The early Digg was brilliant and honest and democratic. Each digg was a vote and each vote counted towards the ultimate objective: moving a story closer and closer to the top position on the Digg homepage.
Today, we vote on Facebook with every share and on Twitter with every tweet, and conversations take place across loads of different sites, apps, and networks. So how do we surface “what the Internet is talking about,” when the Internet is talking beyond the walls of Digg.com? We tear down the walls. When we launch v1, users will continue to be able to digg stories, but Digg scores will also take into account Facebook shares and tweets. Roll over any Digg score to see the breakdown. We’re excited to see how this new data can help us identify the best stories on the web.
Here’s an early wireframe of the new Digg score:
When I last logged into Facebook there was a big info box called “About Ads.” I clicked on it and found this:
Is it true that Facebook sells my name and contact info to make money?
No. Facebook does not sell your personal information.
Facebook makes its money from showing you ads.
In other words, Facebook uses your personal information to sell ads. Which is exactly what Google does and every other advertiser on the planet.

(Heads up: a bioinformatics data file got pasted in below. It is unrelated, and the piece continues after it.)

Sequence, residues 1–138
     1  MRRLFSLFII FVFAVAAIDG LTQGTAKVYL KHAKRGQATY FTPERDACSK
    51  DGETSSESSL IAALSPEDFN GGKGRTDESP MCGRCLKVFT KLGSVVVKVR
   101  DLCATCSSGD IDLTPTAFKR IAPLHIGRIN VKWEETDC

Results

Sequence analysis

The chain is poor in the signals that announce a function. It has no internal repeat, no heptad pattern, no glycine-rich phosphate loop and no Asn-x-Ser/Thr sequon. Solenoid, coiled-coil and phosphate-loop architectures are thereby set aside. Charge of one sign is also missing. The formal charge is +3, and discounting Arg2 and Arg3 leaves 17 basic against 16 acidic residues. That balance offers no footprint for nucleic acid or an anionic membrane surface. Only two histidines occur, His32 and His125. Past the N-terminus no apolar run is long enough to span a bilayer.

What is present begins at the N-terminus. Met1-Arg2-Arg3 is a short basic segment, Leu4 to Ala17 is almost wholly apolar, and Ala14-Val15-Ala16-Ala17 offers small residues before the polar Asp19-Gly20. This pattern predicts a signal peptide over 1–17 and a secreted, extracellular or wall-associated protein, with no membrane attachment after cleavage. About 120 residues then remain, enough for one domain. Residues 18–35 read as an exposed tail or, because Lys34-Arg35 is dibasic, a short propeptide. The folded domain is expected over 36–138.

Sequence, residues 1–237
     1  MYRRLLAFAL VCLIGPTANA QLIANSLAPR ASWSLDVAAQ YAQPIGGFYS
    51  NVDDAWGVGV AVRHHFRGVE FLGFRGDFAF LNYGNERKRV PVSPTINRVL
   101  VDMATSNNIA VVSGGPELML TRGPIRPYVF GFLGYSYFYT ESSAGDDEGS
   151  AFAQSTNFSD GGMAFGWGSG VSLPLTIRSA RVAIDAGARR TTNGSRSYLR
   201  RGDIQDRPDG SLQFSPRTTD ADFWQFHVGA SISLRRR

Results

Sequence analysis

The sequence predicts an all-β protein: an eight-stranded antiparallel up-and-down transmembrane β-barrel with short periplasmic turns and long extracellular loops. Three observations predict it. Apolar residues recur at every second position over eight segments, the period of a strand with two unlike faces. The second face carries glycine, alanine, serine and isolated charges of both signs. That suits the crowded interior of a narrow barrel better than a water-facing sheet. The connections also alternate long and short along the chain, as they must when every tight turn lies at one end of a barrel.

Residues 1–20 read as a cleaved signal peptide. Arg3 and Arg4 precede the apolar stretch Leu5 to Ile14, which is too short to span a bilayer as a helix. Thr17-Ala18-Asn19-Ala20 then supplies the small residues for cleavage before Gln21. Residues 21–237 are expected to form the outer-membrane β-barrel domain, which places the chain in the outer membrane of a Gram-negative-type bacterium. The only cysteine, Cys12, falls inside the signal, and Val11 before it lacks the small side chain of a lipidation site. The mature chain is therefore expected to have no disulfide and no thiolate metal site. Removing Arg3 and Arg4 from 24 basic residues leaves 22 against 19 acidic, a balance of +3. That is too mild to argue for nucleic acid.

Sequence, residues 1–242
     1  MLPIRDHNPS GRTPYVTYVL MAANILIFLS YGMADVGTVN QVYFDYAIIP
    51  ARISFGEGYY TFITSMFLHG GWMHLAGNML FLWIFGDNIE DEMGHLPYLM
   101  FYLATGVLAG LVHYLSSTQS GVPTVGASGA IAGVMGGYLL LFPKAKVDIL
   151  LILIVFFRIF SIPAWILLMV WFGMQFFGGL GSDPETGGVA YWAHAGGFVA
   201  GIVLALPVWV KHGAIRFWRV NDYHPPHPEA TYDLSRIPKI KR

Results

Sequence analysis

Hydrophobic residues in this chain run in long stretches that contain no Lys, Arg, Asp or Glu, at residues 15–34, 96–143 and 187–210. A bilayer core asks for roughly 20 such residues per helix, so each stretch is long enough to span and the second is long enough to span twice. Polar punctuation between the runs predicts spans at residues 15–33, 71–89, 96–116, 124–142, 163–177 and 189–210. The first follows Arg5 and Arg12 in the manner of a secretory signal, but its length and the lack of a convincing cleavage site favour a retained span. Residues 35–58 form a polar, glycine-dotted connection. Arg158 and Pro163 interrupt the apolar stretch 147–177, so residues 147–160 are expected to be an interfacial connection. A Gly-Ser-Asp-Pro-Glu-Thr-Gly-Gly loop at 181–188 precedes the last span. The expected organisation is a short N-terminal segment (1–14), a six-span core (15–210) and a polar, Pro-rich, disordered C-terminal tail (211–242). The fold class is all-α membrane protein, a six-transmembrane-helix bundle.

Which is fine because this website survives by selling ads, but the next section reveals how Facebook is taking things a step farther.
Your name or profile picture might appear alongside certain types of ads and sponsored stories:
1. Facebook Ads
A business creates an ad to promote its message. If you’ve liked that business’s page, the story about you liking the page (including your name or profile photo) may be paired with the ad your friends see.
The last sentence reveals a lot about the latest in Facebook advertising. They are going beyond the basic ad “you should buy this” by adding you as a part of the advertisement “Steve bought this and you should too.” Here is that sentence again:
If you’ve liked that business’s page, the story about you liking the page (including your name or profile photo) may be paired with the ad your friends see.
It’s an innovative new strategy for advertising and may be the future (i.e. personalized ads) but Facebook needs to be honest about this. It’s not clearly identified on the page, nor even prominent. In fact, it’s not even a subject on the page, rather it is part of explaining another topic (Sponsored Stories).
For such a bold move, placing my picture next to an advertisers brand, Facebook is hurting themselves by hiding this information. Yes, ads do keep Facebook free and that is important, but trust is more important and they need to alert users to this practice.